The Other Orpheus: A Poetics of Modern Homosexuality

The Other Orpheus: A Poetics of Modern Homosexuality

The Other Orpheus: A Poetics of Modern Homosexuality

The Other Orpheus: A Poetics of Modern Homosexuality

Synopsis

This book posits that male homoeroticism is a crucial component of any comprehensive understanding of modernism and the crisis of modern masculine identity. Cole explores how homoerotic affect - instantiated in the works of Rimbaud, Crane and Eliot - contributes to queer theory, and shows what poetry has to offer critical inquiry. This book aims to re-establish an interest in poetry by integrating question of prosody and aesthetics with political literary study. Cole used the methodological insights of psychoanalysis, deconstruction and Marxism to elaborate the social significance of poetic experiment, and reinvigorate the concepts of affect and imagination, while arguing against antiformalist approaches to literature.

Excerpt

In the opening salvo of "A Boy's Life: For Matthew Shepard's Killers, What Does It Take to Pass as a Man?," a September 1999 Harper's Magazine article published eleven months after the murder, JoAnn Wypijewski sets out to distance her critical investigation from the more aesthetic and sentimental accounts preceding it. "From the beginning," she writes, "there was something too awfully iconic about the case" (61). After a preliminary outline of the "real and fanciful detail" surrounding the sequence of events in Laramie, Wyoming, Wypijewski provides a cautionary tale about the professional journalist, Melanie Thernstrom, who became too emotionally involved:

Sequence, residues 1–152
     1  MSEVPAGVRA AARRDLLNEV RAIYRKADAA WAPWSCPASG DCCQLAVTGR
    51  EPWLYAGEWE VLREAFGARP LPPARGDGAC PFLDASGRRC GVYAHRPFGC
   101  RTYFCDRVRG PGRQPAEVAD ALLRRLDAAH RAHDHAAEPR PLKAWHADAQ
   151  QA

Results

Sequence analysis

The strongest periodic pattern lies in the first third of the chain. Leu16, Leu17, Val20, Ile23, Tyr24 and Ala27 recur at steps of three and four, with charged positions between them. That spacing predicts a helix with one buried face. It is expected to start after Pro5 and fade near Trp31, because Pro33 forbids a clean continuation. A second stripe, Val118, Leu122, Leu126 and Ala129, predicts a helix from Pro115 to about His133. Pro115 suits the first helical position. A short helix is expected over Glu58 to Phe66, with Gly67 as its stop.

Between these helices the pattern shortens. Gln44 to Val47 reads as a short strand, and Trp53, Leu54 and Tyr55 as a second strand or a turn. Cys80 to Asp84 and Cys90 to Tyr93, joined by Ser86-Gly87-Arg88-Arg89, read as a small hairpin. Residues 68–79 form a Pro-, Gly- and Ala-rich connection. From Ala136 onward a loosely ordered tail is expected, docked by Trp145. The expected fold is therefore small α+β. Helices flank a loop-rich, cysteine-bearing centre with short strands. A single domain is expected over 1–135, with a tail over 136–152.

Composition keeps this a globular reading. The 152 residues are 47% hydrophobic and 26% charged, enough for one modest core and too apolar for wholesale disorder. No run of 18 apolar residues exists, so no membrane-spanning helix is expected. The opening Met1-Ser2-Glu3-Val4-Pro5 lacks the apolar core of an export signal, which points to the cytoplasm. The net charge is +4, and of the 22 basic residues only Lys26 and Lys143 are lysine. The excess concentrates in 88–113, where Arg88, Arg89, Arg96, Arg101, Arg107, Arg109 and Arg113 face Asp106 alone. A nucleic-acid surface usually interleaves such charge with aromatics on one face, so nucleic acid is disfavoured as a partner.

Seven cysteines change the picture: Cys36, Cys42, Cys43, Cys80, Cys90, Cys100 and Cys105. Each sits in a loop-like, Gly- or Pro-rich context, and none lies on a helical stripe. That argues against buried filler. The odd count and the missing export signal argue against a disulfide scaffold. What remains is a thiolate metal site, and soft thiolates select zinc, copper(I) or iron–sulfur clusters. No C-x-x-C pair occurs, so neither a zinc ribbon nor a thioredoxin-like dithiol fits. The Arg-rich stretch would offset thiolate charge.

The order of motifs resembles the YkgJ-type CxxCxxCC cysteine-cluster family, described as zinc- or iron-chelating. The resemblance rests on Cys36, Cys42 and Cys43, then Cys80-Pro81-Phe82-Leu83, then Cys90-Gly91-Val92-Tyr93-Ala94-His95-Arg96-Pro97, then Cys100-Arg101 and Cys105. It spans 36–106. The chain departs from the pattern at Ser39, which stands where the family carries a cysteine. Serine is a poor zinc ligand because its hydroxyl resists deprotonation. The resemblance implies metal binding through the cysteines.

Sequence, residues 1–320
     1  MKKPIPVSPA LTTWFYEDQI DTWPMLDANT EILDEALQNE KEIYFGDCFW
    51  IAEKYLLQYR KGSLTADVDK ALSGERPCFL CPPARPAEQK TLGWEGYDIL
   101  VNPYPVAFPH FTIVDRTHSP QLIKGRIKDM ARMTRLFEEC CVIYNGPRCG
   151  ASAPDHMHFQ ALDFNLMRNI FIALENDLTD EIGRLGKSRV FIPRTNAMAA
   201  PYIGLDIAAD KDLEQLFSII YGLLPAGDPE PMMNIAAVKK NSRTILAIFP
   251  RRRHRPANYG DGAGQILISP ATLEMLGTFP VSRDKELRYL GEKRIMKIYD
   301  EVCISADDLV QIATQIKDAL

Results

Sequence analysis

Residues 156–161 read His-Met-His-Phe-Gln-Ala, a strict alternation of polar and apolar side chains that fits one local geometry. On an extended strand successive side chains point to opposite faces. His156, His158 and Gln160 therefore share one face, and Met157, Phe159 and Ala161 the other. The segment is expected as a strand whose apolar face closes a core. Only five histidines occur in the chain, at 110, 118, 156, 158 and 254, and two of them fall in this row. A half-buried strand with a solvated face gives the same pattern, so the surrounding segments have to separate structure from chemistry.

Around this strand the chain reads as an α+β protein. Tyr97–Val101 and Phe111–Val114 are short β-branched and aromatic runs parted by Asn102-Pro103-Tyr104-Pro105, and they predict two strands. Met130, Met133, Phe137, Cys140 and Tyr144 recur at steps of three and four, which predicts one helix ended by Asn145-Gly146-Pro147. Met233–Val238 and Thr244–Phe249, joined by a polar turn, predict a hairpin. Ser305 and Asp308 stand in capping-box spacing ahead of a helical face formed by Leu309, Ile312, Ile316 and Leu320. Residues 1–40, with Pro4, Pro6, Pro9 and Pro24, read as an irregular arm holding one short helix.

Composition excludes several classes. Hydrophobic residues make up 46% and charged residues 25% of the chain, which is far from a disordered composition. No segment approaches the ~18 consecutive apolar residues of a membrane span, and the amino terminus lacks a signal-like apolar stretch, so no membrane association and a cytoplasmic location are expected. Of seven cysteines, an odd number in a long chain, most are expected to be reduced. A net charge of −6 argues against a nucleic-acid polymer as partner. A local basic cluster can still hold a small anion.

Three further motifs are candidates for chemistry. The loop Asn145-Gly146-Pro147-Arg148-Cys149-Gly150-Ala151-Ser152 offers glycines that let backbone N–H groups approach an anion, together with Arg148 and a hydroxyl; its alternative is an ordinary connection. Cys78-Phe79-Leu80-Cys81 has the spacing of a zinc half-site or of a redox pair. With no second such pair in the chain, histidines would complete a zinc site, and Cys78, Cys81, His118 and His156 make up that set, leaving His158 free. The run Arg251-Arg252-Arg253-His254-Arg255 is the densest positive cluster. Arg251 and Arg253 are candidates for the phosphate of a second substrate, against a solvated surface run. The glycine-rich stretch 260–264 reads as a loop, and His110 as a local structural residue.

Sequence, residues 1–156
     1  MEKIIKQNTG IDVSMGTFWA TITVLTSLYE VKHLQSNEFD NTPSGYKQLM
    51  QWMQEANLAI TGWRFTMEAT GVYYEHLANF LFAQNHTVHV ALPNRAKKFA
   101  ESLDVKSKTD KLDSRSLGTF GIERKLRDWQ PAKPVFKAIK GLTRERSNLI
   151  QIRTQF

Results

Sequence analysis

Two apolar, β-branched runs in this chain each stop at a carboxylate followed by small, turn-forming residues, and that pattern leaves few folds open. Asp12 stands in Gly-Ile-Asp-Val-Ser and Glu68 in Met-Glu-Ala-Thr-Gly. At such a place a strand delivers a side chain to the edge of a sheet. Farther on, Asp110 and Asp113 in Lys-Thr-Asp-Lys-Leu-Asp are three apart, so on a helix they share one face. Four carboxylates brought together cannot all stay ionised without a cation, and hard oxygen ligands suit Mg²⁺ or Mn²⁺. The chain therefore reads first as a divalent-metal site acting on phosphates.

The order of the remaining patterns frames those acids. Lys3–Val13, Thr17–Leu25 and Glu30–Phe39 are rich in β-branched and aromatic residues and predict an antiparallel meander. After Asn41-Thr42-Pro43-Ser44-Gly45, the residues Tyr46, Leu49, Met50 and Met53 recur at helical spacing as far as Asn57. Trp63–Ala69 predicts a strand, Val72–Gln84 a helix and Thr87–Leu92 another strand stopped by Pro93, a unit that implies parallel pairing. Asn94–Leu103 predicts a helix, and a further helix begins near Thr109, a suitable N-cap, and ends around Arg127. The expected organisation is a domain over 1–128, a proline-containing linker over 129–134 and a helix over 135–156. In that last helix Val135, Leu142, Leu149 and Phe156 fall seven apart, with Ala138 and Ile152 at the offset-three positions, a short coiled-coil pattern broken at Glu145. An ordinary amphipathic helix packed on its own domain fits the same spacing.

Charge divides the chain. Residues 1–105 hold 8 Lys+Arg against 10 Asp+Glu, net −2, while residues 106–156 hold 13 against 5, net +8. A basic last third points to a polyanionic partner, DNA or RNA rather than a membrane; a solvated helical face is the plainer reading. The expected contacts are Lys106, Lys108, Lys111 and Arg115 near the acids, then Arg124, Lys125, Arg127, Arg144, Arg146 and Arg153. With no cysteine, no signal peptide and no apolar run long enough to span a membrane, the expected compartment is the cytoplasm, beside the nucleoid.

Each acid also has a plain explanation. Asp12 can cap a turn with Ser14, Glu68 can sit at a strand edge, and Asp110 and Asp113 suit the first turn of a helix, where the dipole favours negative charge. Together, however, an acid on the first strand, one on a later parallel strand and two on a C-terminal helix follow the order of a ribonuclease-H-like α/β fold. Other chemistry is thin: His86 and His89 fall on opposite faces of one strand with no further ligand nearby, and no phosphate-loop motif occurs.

At the site where Shepard was murdered, in a field of prairie grass and sagebrush within eyeshot of suburban houses, a cross has been laid out in pink limestone rocks. In crotches of the killing fence, two stones have been placed; one bears the word 'love'; the other, 'forgive/The poignancy of those messages has been transmitted out and beyond via television; it is somewhat diminished if one knows that the stones were put there by a journalist, whose article about the murder for Vanity Fair was called The Crucifixion of Matthew Shepard.'

Torture is more easily imagined when masked in iconography but no better understood. (61)

It is doubtless that attention to the social conditions enabling homophobic aggression, or the spelling-out of how American culture engenders an always potentially violent masculinity, serves better political purpose than merely enshrining Shepard as a sacrificial hero. As Wypijewski argues, it is "the culture of compulsory heterosexuality," rather than Shepard's personality, that deserves interrogation (73). Whatever catharsis the tragedy of the individual sufferer renders available to its audience, or however much pathos the untimely death of an attractive young man elicits, would appear a poor substitute for cultural critique. Wypijewski's trenchant analysis,

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